POST Online Media Lite Edition



 

Credit Suisse sells German privat bank unit to ABN AMRO

Staff writer |
Credit Suisse announced the sale of its domestic private banking business booked in Germany to ABN AMRO. This follows earlier statements about Credit Suisse's plans to evaluate its private banking client service model in Western Europe.

Article continues below






Credit Suisse has been proactive in evaluating its client service model in Western Europe to ensure that it is ideally aligned to capture opportunities and perform well in the current market. This involves reallocating resources to growth areas and adjusting capacity to meet client needs, efficiently manage costs across our businesses and improve our overall market position.

Against this backdrop, Credit Suisse has decided to focus on UHNWI and premium HNWI and service these clients from global booking platforms outside of Germany. As a consequence, Credit Suisse has agreed to sell its entire domestic private banking business booked in Germany.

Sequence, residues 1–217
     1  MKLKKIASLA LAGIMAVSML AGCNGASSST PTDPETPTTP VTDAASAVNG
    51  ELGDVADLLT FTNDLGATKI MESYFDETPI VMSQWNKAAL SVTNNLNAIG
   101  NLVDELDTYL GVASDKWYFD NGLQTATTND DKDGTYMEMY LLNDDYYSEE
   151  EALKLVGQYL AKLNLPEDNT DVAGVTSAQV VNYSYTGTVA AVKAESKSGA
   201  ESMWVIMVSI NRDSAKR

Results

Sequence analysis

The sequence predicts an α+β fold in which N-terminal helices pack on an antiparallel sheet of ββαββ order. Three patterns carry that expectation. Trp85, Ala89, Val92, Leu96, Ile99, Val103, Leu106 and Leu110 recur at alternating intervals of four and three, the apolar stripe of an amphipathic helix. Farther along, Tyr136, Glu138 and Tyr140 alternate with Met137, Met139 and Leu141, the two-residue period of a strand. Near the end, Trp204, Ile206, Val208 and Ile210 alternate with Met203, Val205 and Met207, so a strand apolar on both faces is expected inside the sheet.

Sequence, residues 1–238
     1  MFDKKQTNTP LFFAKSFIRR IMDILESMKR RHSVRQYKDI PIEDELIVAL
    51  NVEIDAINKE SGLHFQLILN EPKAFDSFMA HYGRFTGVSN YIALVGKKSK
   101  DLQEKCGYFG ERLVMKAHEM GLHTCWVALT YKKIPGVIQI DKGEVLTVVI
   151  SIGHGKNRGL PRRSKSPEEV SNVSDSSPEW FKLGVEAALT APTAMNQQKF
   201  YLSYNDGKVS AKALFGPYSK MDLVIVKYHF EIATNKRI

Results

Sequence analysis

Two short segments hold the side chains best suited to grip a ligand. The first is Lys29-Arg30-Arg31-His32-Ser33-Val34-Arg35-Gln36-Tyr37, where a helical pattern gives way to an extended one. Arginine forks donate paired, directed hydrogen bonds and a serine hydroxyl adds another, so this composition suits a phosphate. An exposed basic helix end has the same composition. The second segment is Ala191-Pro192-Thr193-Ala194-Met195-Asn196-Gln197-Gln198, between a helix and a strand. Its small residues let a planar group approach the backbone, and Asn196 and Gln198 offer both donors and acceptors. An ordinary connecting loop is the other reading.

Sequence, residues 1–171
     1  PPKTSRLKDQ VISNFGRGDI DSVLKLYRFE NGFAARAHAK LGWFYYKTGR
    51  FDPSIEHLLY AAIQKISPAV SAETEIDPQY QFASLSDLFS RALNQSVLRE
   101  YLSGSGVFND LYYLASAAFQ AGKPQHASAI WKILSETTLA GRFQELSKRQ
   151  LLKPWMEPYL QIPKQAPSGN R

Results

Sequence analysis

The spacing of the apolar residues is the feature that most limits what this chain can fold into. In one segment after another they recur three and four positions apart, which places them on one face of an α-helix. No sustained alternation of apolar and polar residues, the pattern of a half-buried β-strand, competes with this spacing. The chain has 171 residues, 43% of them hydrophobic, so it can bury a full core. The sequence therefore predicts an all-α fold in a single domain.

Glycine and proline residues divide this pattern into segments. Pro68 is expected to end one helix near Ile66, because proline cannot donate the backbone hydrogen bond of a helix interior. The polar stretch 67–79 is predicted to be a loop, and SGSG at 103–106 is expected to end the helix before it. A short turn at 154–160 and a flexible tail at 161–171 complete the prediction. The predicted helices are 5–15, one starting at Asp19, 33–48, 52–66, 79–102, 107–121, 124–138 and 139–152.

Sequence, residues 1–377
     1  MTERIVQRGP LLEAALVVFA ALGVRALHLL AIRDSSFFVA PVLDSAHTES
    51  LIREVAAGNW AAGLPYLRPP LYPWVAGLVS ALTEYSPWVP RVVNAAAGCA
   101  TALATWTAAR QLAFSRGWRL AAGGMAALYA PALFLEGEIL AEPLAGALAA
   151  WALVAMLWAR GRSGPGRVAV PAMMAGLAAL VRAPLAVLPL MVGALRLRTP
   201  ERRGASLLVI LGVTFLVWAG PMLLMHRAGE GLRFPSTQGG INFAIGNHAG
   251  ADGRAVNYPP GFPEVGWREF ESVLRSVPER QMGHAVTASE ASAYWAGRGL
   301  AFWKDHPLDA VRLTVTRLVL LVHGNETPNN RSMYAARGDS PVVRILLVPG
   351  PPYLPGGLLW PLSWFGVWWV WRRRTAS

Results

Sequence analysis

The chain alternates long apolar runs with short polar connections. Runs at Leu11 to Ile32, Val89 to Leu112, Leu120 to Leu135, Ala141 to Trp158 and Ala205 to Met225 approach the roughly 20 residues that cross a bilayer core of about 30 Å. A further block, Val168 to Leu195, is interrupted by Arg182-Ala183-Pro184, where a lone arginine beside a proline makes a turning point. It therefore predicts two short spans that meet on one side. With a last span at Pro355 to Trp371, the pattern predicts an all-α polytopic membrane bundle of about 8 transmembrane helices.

The sale also includes the External Asset Managers booked in Germany. The Asset Management, Real Estate Asset Management and Investment Banking businesses, based in Frankfurt, are not part of the transaction.

The combination of Credit Suisse's domestic private banking business booked in Germany and ABN AMRO's strong and established platform, which operates as Bethmann Bank in Germany, will create the third largest provider of private banking services in Germany. Bethmann Bank is already one of Germany's leading private banks.

Credit Suisse will focus on UHNW and premium HNW clients and will continue to deliver its structured advisory process, client-specific value propositions, comprehensive investment services as well as the capabilities of the investment bank. Going forward, German clients will be booked on the bank's global booking platforms, notably those in Switzerland and Luxembourg.

The transaction is subject to customary closing conditions and is expected to close in the course of 2014. The financial terms of the deal were not disclosed.


What to read next

TSSP buys distressed credit assets from Credit Suisse in $1.27bn deal
Credit Suisse pleads guilty to tax evasion, will pay $2.5 billion
Tax probe: Credit Suisse raided, client assets seized